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aboeing

exceptions

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Hi, I know there have been a number of previous threads on this topic, but I havent found any satisfactory explanations. The question basically is, why would you want to use C++ exception handling? (I understand that you want to use it for detecting very low level errors, but most of the time these errors dont happen - Im talking about as a general error handling mechanism) What advantages does it have over, say a global variable indicating whether an error occured and what it was? What advantages does it have over having a base class with an error variable, a pointer to its parent, and propogating the errors like that? With both these approaches you can simply put all your code somewhere and check for errors when its convenient, and dont need to worry about ugly nested try{}catch{} statements. Also: Do you always have to catch all your exceptions if you dont want your program to crash? (eg: loadtexture causes an exception, but its not critical, so I shouldn''t have to deal with it..) What are the performance issues related to exception handling? (If your already using virtual functions / RTTI is there added overhead?, Can exception handling be turned on/off for certain functions/classes?) What support does the OS need to supply for exception handling? (is it just a fancy term for an interrupt?) Thanks!

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No one seems to answer, so I'll give it a shot...

What advantages does it have over, say a global variable indicating whether an error occured and what it was?

Simplicity. You don't have to check that global variable after every time you perform something and return some error value through a jungle of if (not error) 'do this' else 'do that' . You just do it (well, perhaps not just ). Also, some designs would not be possible without exceptions as a way of communicating an error; boost::lexical_cast would be an example. Let's say you are writing a templated container class, taking any type T. Inside the container, you make a copy of everything that is added to it. How should T tell the container and the user of the container that some error occured while copying? You could use some method is_ok() and return false, if T is a class, but that would rule out any primitive type and the container can only handle classes that implement is_ok(). It's not so generic any more. I don't know if my example was any good, but the point is that exceptions provide a standard way of handling errors. The container need only to provide some documented level of exception safety and leave the rest to the user.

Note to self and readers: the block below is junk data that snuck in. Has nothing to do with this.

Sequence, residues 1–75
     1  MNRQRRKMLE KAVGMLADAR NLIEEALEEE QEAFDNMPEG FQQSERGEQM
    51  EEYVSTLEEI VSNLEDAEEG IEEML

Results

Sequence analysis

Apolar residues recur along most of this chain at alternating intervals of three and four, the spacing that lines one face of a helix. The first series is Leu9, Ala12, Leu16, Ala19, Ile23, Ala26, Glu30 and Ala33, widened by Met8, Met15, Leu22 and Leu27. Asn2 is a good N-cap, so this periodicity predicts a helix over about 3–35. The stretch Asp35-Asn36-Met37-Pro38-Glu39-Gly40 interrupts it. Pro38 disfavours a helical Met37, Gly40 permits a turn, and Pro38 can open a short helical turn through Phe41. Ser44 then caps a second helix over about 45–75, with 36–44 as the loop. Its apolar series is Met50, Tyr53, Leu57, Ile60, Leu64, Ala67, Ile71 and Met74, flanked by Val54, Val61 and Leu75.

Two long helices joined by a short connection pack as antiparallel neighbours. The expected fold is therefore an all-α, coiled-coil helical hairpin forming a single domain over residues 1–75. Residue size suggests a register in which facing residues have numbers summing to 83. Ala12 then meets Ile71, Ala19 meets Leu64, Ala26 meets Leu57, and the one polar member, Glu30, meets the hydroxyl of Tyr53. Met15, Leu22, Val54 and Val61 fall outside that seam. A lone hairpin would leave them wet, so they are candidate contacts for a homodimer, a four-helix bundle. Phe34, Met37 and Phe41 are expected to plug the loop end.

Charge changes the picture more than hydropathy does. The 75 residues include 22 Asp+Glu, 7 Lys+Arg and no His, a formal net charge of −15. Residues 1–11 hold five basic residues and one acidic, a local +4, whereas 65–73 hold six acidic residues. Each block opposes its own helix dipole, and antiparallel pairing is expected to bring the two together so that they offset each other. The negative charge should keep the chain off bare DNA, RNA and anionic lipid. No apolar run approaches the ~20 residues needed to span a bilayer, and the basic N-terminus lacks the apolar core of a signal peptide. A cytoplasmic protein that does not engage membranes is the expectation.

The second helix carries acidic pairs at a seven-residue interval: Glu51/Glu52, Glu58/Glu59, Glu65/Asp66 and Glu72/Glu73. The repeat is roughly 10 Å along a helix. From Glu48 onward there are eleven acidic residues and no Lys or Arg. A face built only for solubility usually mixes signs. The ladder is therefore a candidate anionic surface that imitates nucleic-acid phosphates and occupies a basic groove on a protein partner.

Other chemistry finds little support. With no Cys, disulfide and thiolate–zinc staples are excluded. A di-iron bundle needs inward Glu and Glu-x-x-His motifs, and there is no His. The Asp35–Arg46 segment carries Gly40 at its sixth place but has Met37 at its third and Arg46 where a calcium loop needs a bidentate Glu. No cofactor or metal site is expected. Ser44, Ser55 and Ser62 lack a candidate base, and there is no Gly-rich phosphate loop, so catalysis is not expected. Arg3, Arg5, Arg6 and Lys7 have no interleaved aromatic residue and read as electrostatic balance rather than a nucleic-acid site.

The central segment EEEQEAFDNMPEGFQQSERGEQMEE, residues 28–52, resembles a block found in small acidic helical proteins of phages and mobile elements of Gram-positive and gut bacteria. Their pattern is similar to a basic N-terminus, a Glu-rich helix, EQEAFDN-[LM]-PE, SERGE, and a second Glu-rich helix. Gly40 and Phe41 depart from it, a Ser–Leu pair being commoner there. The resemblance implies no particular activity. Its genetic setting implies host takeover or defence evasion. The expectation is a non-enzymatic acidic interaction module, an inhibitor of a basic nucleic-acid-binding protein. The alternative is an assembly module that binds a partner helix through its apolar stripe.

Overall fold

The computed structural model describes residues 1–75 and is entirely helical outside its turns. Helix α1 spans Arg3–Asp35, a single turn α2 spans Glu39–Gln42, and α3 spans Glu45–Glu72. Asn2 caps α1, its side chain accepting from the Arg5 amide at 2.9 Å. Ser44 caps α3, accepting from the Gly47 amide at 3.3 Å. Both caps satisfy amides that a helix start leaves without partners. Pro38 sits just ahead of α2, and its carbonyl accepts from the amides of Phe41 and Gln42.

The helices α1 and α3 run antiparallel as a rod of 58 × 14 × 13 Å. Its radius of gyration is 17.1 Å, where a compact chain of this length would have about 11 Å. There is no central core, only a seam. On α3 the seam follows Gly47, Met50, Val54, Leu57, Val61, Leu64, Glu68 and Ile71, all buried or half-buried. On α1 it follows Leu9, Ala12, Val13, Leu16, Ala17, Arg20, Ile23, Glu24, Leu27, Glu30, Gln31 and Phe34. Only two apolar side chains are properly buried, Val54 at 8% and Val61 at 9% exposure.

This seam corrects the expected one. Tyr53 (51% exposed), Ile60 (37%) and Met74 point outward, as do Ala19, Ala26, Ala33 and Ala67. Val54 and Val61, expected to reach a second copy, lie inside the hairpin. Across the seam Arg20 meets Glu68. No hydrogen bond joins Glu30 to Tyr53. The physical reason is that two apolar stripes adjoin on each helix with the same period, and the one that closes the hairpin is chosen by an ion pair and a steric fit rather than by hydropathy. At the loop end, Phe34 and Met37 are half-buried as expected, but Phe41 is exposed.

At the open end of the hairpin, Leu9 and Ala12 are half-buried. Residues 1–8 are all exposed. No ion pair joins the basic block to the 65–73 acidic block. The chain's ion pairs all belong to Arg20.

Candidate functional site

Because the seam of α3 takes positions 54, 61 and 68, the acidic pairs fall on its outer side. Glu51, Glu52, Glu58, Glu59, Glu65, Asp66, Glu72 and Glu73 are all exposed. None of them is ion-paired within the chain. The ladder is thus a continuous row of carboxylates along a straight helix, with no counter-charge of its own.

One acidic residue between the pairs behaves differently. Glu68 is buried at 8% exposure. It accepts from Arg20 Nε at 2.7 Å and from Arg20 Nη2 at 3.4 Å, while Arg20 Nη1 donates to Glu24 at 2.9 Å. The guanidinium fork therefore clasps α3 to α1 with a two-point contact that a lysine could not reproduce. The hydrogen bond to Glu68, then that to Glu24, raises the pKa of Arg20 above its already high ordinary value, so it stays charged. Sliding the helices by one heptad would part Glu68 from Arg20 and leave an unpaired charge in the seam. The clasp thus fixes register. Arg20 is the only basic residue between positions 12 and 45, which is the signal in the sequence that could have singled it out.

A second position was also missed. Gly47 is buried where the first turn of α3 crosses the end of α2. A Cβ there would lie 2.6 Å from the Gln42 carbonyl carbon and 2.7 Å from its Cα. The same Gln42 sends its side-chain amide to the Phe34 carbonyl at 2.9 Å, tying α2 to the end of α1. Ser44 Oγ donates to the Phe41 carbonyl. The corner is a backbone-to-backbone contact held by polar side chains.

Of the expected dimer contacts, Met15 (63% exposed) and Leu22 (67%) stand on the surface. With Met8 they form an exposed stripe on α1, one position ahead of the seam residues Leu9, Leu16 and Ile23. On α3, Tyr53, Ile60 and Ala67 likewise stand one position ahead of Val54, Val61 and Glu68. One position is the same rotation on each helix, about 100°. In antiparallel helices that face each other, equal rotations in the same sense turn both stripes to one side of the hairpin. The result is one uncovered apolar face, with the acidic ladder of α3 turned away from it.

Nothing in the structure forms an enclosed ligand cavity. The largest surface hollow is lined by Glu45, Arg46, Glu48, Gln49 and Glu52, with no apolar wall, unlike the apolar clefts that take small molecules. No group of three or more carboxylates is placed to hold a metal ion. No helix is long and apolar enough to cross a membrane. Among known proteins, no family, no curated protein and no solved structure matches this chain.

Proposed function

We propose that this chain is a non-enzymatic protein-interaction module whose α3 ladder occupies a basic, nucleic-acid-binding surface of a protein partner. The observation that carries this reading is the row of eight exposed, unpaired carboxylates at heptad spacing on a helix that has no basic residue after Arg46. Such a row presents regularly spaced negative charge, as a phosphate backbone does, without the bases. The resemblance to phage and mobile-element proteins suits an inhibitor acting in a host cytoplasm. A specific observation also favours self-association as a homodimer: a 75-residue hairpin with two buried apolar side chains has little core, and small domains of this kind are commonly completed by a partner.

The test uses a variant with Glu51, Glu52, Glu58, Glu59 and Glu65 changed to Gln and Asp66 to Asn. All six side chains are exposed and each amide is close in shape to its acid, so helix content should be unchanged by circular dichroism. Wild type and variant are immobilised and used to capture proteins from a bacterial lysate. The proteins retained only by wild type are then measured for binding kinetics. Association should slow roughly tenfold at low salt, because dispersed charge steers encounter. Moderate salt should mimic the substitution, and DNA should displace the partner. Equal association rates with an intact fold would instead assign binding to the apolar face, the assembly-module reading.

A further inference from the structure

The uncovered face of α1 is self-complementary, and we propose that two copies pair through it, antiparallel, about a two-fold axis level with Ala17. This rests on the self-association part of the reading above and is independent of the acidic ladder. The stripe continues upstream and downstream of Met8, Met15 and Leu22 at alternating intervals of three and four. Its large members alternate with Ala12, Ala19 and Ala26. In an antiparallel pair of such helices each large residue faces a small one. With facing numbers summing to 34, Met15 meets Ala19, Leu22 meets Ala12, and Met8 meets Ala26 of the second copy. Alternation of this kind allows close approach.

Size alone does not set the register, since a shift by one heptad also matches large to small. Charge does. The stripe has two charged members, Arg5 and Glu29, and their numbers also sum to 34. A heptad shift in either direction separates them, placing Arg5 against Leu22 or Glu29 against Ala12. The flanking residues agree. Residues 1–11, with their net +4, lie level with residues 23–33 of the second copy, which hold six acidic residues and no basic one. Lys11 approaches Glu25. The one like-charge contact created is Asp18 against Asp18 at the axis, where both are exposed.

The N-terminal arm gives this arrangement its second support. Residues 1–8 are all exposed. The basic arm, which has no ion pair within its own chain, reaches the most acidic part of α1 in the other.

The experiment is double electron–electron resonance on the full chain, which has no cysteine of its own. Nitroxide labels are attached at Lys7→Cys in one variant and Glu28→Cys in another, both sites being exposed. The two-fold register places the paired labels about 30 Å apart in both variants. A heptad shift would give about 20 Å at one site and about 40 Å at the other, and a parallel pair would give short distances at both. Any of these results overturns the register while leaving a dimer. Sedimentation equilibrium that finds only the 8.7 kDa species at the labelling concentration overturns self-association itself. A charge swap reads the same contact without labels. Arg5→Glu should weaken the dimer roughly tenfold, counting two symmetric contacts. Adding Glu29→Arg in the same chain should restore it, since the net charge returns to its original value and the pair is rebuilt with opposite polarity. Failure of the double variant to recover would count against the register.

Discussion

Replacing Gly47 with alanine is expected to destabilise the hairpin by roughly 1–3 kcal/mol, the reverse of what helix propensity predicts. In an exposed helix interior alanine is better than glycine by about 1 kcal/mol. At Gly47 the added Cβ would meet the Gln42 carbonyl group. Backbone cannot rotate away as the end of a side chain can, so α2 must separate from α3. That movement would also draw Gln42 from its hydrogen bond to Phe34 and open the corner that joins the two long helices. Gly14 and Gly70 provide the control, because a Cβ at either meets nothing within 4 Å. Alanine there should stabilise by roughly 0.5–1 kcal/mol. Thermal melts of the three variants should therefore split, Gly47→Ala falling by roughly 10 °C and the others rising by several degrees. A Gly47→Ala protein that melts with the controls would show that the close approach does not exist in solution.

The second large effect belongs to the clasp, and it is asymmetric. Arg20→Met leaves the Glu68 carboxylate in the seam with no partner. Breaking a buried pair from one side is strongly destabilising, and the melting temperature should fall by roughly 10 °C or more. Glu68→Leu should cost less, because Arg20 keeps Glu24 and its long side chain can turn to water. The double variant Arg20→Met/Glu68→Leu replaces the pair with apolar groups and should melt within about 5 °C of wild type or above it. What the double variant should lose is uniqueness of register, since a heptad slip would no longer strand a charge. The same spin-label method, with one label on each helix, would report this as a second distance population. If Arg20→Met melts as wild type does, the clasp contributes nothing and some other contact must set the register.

Further, global variables has their own set of problems.

With both these approaches you can simply put all your code somewhere and check for errors when its convenient, and dont need to worry about ugly nested try{}catch{} statements

When it's convenient? Wouldn't it be convenient to handle errors when they occur? If it's ok for you to handle some errors when it's convenient, then don't use exceptions for those erros. Exceptions are best used for exceptional cases. This does not mean that it has to be some unrecoverable hardware error, when your home is about to explode, or etc, as I've gotten the impression that some might think. What's exceptional and what's not, depends on what you are doing. This does not mean that exceptions should replace simple return values.

Do you always have to catch all your exceptions if you dont want your program to crash?

Yes.

is there added overhead?

AFAIK, performance is only affected when setting up a try-catch block or when the exception is thrown.

What support does the OS need to supply for exception handling?

The OS has nothing to do with C++ exceptions. For Windows, there is also Structured Exception Handling, which is something different, but has a similar construct.

Edit: spelling

[edited by - Matsen on October 12, 2003 4:08:04 PM]

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quote:
Original post by aboeing
(I understand that you want to use it for detecting very low level errors, but most of the time these errors dont happen - Im talking about as a general error handling mechanism)


It *is* a better general purpose error handling mechanism.

Since it unwinds the stack EVERYTHING along the way can clean up or not handle the exception as it happens. Handlers can rethrow different exceptions or take actions like rollback a database to prevent destructive changes from happening.

A global variable holding the exception is okay, but then you have to make that local to the thread. Once you get around that, programs don''t have to check it, and it encourages a sort of irresponsible coding style where "this works most of the time." Then when something doesn''t work, go run post on Gamedev! If you don''t have an exception then your program stops RIGHT there and you can look at the exception and determine what happened if you provide enough information.